Less than a week before the Kapone show, Trussell tells a story about the first time the Memphis rapper met with members of Opus One to go over details. "He asked if the symphony musicians were going to be dancing, and then he fell out on the table laughing," she says. "Later on, Al called because he was worried about some of the classical music on the program. He said he'd told a bunch of his people about the show, and they didn't really seem into that part. I told him, "Al, you know there are a lot of symphony subscribers who aren't all that into rap either. This is a risk for everybody involved. It's a risk for the symphony, and it's a risk for you."
"I started going through my playlist. I'd forgotten that certain songs I had were heavily orchestra-related," Kapone says. "I took them to [MSO arranger] Sam Shoup, who broke down all the different sounds for the musicians to play. He was amazing."
Kapone elaborates: "First and foremost, this is going to be an experience. Most people, when they think about rap and classical, think about things that are worlds apart. But it's all perception. Rap has negative connotations. The classical world has a dignified, upper-class connotation. But hip-hop isn't one-dimensional. Memphis hip-hop has always touched the symphonic sound in some way. It has always used horns and strings."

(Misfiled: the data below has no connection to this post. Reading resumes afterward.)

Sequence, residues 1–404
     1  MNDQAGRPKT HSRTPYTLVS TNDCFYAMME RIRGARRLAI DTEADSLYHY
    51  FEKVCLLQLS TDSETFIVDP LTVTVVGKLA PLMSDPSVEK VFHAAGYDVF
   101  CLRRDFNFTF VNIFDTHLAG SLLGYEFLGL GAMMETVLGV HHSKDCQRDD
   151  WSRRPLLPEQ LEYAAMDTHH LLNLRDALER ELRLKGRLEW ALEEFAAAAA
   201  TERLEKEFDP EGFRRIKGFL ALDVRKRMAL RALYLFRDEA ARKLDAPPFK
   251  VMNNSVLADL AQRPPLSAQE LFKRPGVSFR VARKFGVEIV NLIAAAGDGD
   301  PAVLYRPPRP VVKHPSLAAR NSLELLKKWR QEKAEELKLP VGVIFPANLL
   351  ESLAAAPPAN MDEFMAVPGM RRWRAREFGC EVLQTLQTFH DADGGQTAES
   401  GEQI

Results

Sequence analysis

Kapone, who performed with the orchestra once before for a Memphis Grizzlies game, has gotten so accustomed to playing with a live band that the idea of going back to performing with only a DJ scares him.
"I'm super-excited," Kapone says. "Because I know that when you add the symphony, all the energy is going to be felt on a whole new level."
"An Opus One show is a real collaboration between the symphony, the guest artists, and the space we perform in," Trussell says. "And the thing about seeing music performed in an Opus One space is that it feels like you can reach out and touch it. You can feel the energy. That's what makes the music come to life."
In addition to classic Kapone tracks, Opus One will perform a selection of classical music including Beethoven's Fifth Symphony and Philip Glass' String Quartet No. 3. The program will also an original composition by MSO cellist Jonathan Kirkscey.
"We really are the most innovative symphony in America," Fleur says. "And in so many ways, Opus One perfectly embodies the best of what the Memphis Symphony is about. This isn't just about playing music composed by dead, white European males. It's about asking how we can dynamically connect with Memphis."
Opus One with Al Kapone and members of the U Dig Dance Academy, New Daisy Theatre (330 Beale), Thursday, November 10th, 7:30 p.m. Attendees must be 18 or older. For tickets and more information, call 537-2525.